US / Canada Real Estate Specialists
My Home office is at:
4466 Prospect Road
North Vancouver,  BC, CANADA, V7N 3L7
Cell (604) 657-8451 -
(604) 980-0321 Fax (604) 980-0325

Calls welcomed from 10 AM to 9 PM 7 days a week  Vancouver (LA) time -  (please do not fax or phone outside of those hours as this is a home office) expert  US Canada Canadian American  Mexican Income Tax  service help.
pert  US Canada Canadian American  Mexican Income Tax  service and help.
David Ingram gives expert income tax service & immigration help to non-resident Americans & Canadians from New York to California to Mexico  family, estate, income trust trusts Cross border, dual citizen - out of country investments are all handled with competence & authority.
Phone consultations are $450 for 15 minutes to 50 minutes (professional hour). Please note that GST is added if product remains in Canada or is to be returned to Canada or a phone consultation is in Canada. ($472.50 with GST for in person or if you are on the telephone in Canada) expert  US Canada Canadian American  Mexican Income Tax  service and help.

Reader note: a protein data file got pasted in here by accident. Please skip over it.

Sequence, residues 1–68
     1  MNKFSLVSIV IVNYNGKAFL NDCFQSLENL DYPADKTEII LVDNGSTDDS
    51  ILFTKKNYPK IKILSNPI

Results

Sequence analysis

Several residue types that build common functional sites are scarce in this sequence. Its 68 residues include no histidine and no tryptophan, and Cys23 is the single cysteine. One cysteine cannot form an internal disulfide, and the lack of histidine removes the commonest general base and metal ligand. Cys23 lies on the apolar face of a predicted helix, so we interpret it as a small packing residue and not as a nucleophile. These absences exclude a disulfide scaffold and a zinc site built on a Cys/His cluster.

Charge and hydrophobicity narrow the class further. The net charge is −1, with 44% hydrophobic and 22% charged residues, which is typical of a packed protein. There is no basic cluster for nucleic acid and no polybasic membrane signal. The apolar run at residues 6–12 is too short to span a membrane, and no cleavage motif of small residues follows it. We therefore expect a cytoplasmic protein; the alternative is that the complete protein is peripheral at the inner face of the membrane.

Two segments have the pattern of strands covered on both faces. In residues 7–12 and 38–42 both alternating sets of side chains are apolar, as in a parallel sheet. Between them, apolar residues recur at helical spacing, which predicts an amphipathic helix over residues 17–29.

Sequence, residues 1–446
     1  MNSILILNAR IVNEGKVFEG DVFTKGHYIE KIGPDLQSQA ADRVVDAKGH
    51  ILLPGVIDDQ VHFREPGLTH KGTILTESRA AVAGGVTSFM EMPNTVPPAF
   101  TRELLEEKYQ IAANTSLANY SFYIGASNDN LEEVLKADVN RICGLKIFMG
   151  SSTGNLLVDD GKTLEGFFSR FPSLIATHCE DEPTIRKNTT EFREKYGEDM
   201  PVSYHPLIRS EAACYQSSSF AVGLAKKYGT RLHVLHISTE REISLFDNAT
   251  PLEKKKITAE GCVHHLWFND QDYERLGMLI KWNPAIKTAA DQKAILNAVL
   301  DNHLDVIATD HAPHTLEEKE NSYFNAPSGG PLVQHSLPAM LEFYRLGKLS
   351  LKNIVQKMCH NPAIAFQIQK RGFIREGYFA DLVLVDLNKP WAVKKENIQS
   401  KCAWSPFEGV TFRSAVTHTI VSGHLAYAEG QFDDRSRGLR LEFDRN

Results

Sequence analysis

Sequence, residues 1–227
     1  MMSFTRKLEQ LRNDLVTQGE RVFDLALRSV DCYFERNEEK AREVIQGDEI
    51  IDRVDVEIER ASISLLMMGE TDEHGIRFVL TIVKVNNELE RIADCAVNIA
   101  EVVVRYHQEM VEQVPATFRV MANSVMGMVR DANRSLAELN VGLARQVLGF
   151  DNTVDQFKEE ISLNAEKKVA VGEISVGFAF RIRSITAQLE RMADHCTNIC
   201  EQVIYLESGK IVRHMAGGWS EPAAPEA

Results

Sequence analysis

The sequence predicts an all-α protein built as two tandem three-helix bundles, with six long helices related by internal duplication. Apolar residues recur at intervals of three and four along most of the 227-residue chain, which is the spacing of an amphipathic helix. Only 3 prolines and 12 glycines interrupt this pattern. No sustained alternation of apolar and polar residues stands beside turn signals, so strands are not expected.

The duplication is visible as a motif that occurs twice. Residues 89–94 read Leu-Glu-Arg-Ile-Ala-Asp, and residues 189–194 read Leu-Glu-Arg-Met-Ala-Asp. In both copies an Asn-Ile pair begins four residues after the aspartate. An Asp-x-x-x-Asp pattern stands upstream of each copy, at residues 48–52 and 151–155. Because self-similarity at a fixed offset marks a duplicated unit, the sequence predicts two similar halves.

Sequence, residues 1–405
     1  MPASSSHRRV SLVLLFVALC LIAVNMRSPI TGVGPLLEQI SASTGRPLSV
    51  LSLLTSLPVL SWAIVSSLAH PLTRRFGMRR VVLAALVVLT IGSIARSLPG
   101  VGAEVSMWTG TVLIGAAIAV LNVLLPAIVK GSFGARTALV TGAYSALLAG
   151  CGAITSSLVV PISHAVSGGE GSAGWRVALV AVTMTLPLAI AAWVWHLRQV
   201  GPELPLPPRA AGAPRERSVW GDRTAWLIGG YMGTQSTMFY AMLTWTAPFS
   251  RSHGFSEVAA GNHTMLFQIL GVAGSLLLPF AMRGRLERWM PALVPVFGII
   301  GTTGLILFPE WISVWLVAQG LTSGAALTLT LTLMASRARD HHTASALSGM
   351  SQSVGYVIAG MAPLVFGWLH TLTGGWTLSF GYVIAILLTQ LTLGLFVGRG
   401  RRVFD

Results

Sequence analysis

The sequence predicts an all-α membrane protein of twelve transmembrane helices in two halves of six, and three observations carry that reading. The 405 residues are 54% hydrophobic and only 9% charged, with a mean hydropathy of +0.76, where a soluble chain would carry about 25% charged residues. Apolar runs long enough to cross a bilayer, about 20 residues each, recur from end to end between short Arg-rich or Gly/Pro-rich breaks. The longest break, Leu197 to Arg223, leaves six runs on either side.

This is not intended to be definitive but in general I am quoting $900 to $3,000 for a dual country tax return.

$900 would be one T4 slip one W2 slip one or two interest slips and you lived in one country only (but were filing both countries) - no self employment or rentals or capital gains - you did not move into or out of the country in this year.
$1,200 would be the same with one rental
$1,300 would be the same with one business no rental
$1,300 would be the minimum with a move in or out of the country. These are complicated because of the back and forth foreign tax credits. - The IRS says a foreign tax credit takes 1 hour and 53 minutes.
$1,600 would be the minimum with a rental or two in the country you do not live in or a rental and a business and foreign tax credits  no move in or out

$1,700 would be for two people with income from two countries

$3,000 would be all of the above and you moved in and out of the country.
This is just a guideline for US / Canadian returns